On-Call Employee Sleep Time Can Count As Compensable ‘Hours Worked’
January 23, 2015 by Stephanie Platenkamp
On January 8, 2015, the California Supreme Court published an important decision confirming the California rules defining when on-call hours are compensable, and, for the first time, ruling that on-call sleeping hours must be included within compensable hours if the employee is otherwise under sufficient direction and control by the employer.
In Mendiola v. CPS Security Systems Inc., security guards brought a class action lawsuit against their employer, CPS Security Systems, Inc., for unpaid overtime. CPS required guards to stay on the worksite 16 hours per day during the week (eight hours “on duty” and eight hours “on call”) and 24 hours per day on the weekends (sixteen hours “on duty” and eight hours “on call”). CPS deducted up to eight hours of regularly scheduled “sleep time” per 24-hour shift from compensable time, under written agreements all employees were required to sign.
CPS required the guards to reside in a trailer provided by the employer. Guards could not leave their assigned sites during on-call hours until relievers arrived and then could not travel beyond a 30-minute radius of the site.
The Court held that the guards’ on call hours were “hours worked” for overtime purposes under California law. The Court reiterated long-standing precedent that on-call time constitutes hours worked based on the extent of the employer’s control. Factors indicating an employer’s control during on-call time include:
(1) whether there was an on-premises living requirement;
(2) whether there were excessive geographical restrictions on employee’s movements;
(3) whether the frequency of calls was unduly restrictive;
(4) whether a fixed time limit for response was unduly restrictive;
(5) whether the on-call employee could easily trade on-call responsibilities;
(6) whether use of a pager could ease restrictions; and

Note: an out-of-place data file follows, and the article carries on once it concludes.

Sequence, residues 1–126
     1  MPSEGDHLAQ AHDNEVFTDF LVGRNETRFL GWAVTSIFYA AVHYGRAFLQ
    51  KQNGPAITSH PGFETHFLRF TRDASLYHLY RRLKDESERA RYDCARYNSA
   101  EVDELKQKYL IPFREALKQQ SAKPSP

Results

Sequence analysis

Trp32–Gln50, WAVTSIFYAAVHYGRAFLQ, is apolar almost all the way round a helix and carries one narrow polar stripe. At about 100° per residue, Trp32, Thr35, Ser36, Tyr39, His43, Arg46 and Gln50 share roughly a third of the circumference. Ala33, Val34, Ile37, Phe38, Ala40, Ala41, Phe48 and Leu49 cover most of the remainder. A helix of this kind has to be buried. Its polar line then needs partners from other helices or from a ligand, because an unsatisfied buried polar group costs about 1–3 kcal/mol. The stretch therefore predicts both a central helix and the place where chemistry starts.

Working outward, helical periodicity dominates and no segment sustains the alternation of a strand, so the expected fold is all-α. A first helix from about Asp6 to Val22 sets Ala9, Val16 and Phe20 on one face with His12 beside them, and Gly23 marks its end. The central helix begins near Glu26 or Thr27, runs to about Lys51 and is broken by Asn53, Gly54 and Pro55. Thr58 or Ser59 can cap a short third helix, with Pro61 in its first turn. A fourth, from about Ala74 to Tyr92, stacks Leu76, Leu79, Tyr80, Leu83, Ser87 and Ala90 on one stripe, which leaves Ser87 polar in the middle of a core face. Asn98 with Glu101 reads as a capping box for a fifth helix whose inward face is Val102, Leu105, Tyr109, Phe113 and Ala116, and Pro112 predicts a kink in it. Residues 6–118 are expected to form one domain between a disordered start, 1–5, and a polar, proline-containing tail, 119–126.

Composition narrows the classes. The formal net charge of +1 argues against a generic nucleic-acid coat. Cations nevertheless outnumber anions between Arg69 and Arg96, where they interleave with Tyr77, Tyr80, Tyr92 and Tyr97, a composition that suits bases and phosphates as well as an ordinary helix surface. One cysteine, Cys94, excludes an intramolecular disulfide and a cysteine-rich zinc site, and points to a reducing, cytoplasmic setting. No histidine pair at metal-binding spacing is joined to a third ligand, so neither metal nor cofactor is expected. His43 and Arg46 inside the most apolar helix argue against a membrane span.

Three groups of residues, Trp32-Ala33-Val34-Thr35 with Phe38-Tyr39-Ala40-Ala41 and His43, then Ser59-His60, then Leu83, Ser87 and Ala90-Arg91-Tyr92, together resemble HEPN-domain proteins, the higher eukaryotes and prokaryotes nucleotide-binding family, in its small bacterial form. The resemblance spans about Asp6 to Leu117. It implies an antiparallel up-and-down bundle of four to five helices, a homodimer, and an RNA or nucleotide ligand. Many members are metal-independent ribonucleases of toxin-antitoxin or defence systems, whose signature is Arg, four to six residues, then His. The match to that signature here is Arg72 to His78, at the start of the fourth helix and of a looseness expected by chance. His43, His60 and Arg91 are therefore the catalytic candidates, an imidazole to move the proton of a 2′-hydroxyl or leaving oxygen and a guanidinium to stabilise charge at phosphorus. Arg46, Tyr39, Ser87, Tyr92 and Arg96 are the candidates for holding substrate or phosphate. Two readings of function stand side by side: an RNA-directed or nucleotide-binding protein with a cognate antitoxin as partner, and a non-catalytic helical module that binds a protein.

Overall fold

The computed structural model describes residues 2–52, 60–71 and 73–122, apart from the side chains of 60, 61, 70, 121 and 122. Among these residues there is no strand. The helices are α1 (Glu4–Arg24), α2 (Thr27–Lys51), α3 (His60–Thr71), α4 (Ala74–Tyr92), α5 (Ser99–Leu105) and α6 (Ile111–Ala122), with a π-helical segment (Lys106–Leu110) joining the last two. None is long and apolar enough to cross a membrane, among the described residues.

(7) whether the employee had actually engaged in personal activities during call-in time.
In this case, the Court focused on the fact that guards were required to “reside” in trailers and spend on-call hours at the worksite. Because the guards’ presence on site, even when not actively responding to disturbances, was integral to CPS’ business, CPS had to pay for that time.
Significantly, the Court also held that the guards’ “sleep time” was compensable, and should count towards overtime. In so holding, the Court reversed an earlier decision that relied on federal regulations to exclude sleep time from compensable hours as measured under California law. The Court concluded that federal working-hours regulations do not apply in California unless explicitly adopted in the relevant state regulations. California Wage Orders have not adopted the federal regulation excluding sleep time from the measure of compensable hours. Thus, because the guards remained under the direction and control of their employer even during sleeping hours, the sleeping hours must be included within the working hours for which they are compensated.
If you have questions about whether you are properly paid for your on-call time or if you think you may not be receiving overtime pay under California law, contact Beeson, Tayer and Bodine.
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